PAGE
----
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Scoreless, but Not Pointless

Asia: In their first soccer match in 12 years, North and South Korea play to a 0-0 tie. Dull for fans, perhaps, but a victory for diplomacy.


SEOUL — The final score could not have been more politically correct.

A rare "friendly" soccer match designed to promote harmony between old enemies North and South Korea ended in a tie here Saturday night: 0-0.

It hardly made for spectacular sport. This was no World Cup, to be sure, even though the match was played in the same stadium where this year's tournament kicked off in May. But Saturday's game was so dull that much of the crowd of 60,000 dashed for the subway before it was over.

From the standpoint of diplomacy, however, everybody seemed immensely relieved. There had been fears that if something went wrong--if a victory was lopsided or a referee's call hotly disputed--then the kind of ugly nationalist rivalries that intrude on soccer games under the best of circumstances could have disastrous diplomatic consequences.

"It is a nice game. It is about people coming together," said Gus Hiddink, the Dutchman who coached the South Korean team during the World Cup.

"Just the fact that they are playing is a victory," added Jean-Jacques Grauhar of the European Chamber of Commerce, one of the organizers of the event.

Politically, there were tremendous stakes riding on the match, the first between the North and South Korean teams in 12 years. It was also the first of a series of symbolic events scheduled in the next few weeks to promote reconciliation. The others include family reunions, a reconnecting of severed rail lines and North Korea's participation in an Asian Games tournament in Pusan, South Korea. South Korean President Kim Dae Jung, the architect of the "sunshine" policy toward the North, desperately wants to see progress before his five-year term ends in February.

Fresh from having made it to the semifinals in the World Cup, South Korea was heavily favored to win Saturday. Although nobody would admit to pulling punches, the South Koreans didn't send in most of the stars who had managed that earlier feat against all odds. In fact, only six of the 15 players Saturday had been in the World Cup matches at all.

Unlike during the World Cup, which brought millions of people into the streets of Seoul, the city decided against setting up large-screen televisions to broadcast Saturday's game. That decision was apparently aimed at preventing anti-North Korea protests by right-wingers or pro-North Korea demonstrations from the left.

Outside the stadium, a handful of veterans marched with a banner denouncing North Korea, but they were surrounded by hundreds of riot police intent on keeping the situation firmly under control.

Since the North Korean flag is officially banned in South Korea, the organizers of the match discouraged South Korean fans from bringing their own flag into the stadium. The politically correct flag for the event featured a silhouette of the Korean peninsula on a pale blue field--the same flag used when the Korean teams marched together in the Sydney Olympics two years ago.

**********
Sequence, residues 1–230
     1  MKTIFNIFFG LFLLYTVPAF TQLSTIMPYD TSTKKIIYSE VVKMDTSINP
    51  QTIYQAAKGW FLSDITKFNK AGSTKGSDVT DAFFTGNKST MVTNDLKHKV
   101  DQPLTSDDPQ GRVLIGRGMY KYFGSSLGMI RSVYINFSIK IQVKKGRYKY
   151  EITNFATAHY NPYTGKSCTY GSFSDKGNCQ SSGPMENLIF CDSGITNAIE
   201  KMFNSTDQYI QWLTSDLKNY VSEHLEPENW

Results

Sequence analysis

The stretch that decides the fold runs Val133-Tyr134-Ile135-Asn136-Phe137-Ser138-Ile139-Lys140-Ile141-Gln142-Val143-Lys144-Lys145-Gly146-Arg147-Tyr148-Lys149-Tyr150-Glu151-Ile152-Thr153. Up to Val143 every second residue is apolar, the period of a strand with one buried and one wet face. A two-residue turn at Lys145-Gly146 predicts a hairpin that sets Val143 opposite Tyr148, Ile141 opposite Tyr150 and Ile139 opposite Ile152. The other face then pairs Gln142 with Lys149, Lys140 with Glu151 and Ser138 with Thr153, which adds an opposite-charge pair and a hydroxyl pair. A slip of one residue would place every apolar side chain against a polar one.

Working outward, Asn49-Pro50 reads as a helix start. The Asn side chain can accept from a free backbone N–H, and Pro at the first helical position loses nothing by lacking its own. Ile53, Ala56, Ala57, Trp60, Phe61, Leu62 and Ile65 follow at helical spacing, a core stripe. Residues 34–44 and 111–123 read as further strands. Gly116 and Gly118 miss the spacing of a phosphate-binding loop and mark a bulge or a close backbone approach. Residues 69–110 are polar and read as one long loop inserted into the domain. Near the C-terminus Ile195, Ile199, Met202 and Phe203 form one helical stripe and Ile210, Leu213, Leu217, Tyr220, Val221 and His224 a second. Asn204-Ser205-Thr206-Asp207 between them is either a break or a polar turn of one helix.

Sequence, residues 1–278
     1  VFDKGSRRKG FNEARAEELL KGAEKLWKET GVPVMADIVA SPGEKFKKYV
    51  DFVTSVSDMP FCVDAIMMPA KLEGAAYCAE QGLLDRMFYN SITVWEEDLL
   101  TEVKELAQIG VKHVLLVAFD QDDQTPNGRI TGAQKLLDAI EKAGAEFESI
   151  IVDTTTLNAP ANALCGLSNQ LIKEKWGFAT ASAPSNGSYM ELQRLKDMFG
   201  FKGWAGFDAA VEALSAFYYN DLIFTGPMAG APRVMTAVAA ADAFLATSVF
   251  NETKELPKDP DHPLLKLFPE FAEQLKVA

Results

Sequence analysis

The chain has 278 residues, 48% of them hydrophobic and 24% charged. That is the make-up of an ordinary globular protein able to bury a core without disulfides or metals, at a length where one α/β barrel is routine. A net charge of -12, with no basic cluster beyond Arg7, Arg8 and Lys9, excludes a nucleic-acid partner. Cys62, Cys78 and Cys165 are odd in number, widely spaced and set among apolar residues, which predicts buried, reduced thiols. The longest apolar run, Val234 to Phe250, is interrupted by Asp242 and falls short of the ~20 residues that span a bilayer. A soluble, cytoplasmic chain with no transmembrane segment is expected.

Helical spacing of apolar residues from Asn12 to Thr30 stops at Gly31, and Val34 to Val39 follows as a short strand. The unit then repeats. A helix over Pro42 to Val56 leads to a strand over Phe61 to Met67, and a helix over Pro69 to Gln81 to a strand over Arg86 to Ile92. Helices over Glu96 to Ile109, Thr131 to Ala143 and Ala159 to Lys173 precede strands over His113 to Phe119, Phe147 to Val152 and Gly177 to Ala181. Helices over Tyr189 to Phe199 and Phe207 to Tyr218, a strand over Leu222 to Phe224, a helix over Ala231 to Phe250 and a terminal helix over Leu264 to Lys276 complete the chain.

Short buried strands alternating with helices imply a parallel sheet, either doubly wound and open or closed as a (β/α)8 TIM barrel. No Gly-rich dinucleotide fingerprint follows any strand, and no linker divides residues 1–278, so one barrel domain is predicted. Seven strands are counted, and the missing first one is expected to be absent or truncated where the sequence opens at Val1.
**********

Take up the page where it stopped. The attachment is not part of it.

Instead of their customary red T-shirts, South Korean fans were encouraged to wear pale blue T-shirts emblazoned with such slogans as "We are one."

In fact, the entire business of colors was fraught with diplomatic sensitivities. For this match, defying what might have been expected, the South Korean team was dressed in red, leaving the Communist North Koreans to wear white.

Not surprisingly, many fans were confused about what color they were supposed to wear or what players they were supposed to be cheering for. Many said they hoped for a draw.

"I have a blue jacket to symbolize my dream for reunification of the Koreas and red hair for my team," said 17-year-old Chun Ji Young, a rabid fan of South Korea who wore a bright red wig and sported tiny soccer balls as earrings. "But tonight the politics of unification are more important than the game."

Watching with decidedly mixed emotions was Kim Chul Young, 30, an actor who defected from North Korea last year. He said he was torn between cheering for the South Koreans and urging on the North Koreans, some of whom were from his hometown.

"Seeing the North Korean players arriving, I felt sorrow and sympathy. I felt like I could see exactly what was passing through their minds coming to South Korea: shock, envy and maybe a sense of inferiority. I feel sorry for them," Kim said.

Before the 1950-53 Korean War wrenched the peninsula apart, soccer games between Pyongyang-and Seoul-based teams were an annual event. North Korea usually won and, at least through the 1960s, was considered the better team.

The consensus at the end of Saturday's match was that the North Koreans were still surprisingly strong players, although they have less experience now in international tournaments because of their country's diplomatic isolation.

"The North Korean defense was very good. They blocked all our paths," South Korean player Lee Dong Gook told reporters after the match. "We have the best team in Asia right now--we went to the semifinals. But just think if we were unified, how good we would be."


Chi Jung Nam in The Times' Seoul bureau contributed to this report.

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